MARCH/APRIL 2021 GRANGE NEWS
RED ALERT!! Danger Will Robinson! Those lines by the robot of peril on the old Lost in Space might apply a little here. In your last issue of the Grange News, in the Program Book included, the program for the Family Activities Department was one from 2 years ago, please disregard that. The one printed here on this page is the official 20-21 Family Activities program and is also available on the web site. PLEASE be aware of this and keep this issue as well. Any questions give us a call. I’m sure there will be none of those evil space aliens the robot talked about, but we don’t want any misunderstanding or problems in October.
Hopefully with spring we’ll all be a little more able to get back to our Grange routine. Hopefully, everyone will remember what night the meetings are and proper procedure. I know when a month goes by with no Grange, I really feel like I’m missing something?
- What is the speed of dark?
- How do you tell when you’re out of invisible ink?
- What happens if you get scared half to death twice?
- Why is it that psychics have to ask you your name?
- If you could travel a the speed of light, would your headlights still work?
“If you think dogs can’t count, try putting 3 dog biscuits in your pocket and give him only 2 of them?”
HOME ARTS CONTESTS
PROGRAM YEAR 2020-2021
Sponsored by: The Family Activities Department
Anyone who is 14 and older are encouraged to enter any or all of the categories:
- All entries must be labeled with an official label and entry forms must be completed prior to entering in competition. Contact your Family Activities Chairman for labels.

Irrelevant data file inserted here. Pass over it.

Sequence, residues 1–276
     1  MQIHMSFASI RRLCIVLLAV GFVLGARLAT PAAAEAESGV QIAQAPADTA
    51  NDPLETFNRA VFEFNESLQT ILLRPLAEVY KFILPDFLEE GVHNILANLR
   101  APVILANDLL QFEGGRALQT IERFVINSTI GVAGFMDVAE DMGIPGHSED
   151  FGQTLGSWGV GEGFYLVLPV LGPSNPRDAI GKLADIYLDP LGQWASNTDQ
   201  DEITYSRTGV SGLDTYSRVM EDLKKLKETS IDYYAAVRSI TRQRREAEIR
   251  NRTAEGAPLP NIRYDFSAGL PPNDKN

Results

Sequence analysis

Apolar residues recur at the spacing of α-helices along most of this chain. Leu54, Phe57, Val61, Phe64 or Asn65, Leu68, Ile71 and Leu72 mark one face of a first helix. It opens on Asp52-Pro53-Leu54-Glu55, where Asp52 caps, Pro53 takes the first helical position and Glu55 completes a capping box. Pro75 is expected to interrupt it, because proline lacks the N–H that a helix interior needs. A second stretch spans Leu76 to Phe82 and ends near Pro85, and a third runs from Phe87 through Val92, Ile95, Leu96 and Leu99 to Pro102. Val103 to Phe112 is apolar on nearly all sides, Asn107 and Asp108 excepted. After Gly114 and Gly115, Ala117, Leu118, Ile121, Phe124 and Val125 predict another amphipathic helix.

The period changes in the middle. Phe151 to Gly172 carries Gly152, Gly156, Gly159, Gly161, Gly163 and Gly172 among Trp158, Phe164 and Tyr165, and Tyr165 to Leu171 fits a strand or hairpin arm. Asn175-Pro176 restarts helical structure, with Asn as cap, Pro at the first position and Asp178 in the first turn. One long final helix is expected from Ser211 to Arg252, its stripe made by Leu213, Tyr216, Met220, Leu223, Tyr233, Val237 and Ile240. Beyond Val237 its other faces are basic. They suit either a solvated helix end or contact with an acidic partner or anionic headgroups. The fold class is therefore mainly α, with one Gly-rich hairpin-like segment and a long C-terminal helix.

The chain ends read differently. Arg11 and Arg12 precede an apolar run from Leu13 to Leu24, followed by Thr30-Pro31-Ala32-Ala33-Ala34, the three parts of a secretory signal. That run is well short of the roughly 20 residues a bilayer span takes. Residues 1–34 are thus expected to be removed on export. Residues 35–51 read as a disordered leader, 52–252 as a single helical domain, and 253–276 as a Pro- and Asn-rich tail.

- Workmanship must be that of entrant.
- Only one entry per class: (classes —knitting, crocheting, clothing, etc.)
- Adult entries will receive ribbons for 1st, 2nd & 3rd places and all entries will receive a participation ribbon.
- Junior entries will receive ribbons for 1st, 2nd & 3rd place plus a $3 cash prize for 1st prize, $2 cash prize for 2nd place and $1 cash prize for 3rd place. All entries will receive a participation ribbon.
- Best of Show award will be awarded by the Judges. All entries will be eligible to receive this honor.
Adult Home Arts Categories
All Grange members 14-100+ (Men and Women) are encouraged to enter any or all of this year’s categories.
I Baked Goods (men and women)
*Must include recipe, typed or legibly printed.
*Must be made from scratch, no mixes.
*Display should be on a disposable plate or pan.
*Judging will be based on appearance, texture and flavor.
A. Cherry Pie (from scratch)
B. Angel Food Cake or Sponge Cake (from scratch)
C. Quick Breads (from scratch)
D. Peanut Butter Cookies (from scratch)
II Homemade Candies
A. Any type of fudge (from scratch)
B. Any other type of candy (from scratch)
A. Pickles (any variety)
B. Salsa (any style)
IV Dried Foods
A. Dried Meats (jerky, summer sausage, etc.)
B. Dried Fruits or Vegetables
A. Any knitted item
A. Any crocheted item
VII Quilting (open to members and non-members)
A. Any form of quilting
A. Decorated T-shirt (anything)
B. Apron (any style or format)
IX. Pillow Cases
A. Any format
X. Greeting Cards
A. Any holiday
A. any item (must be small enough to display on a table)
XII. Garden Sparklers
A. Any style (check on line for description and ideas)
XIII. Antique Home
A. Grandma’s Kitchen or Home items
B. Grandad’s Tool Shed
XIV. Miscellaneous Crafts
A. Anything goes! Any article that does not fall into an
JUNIOR BAKING CONTEST
Division I: Ages 5-9
Division II: Ages 10-14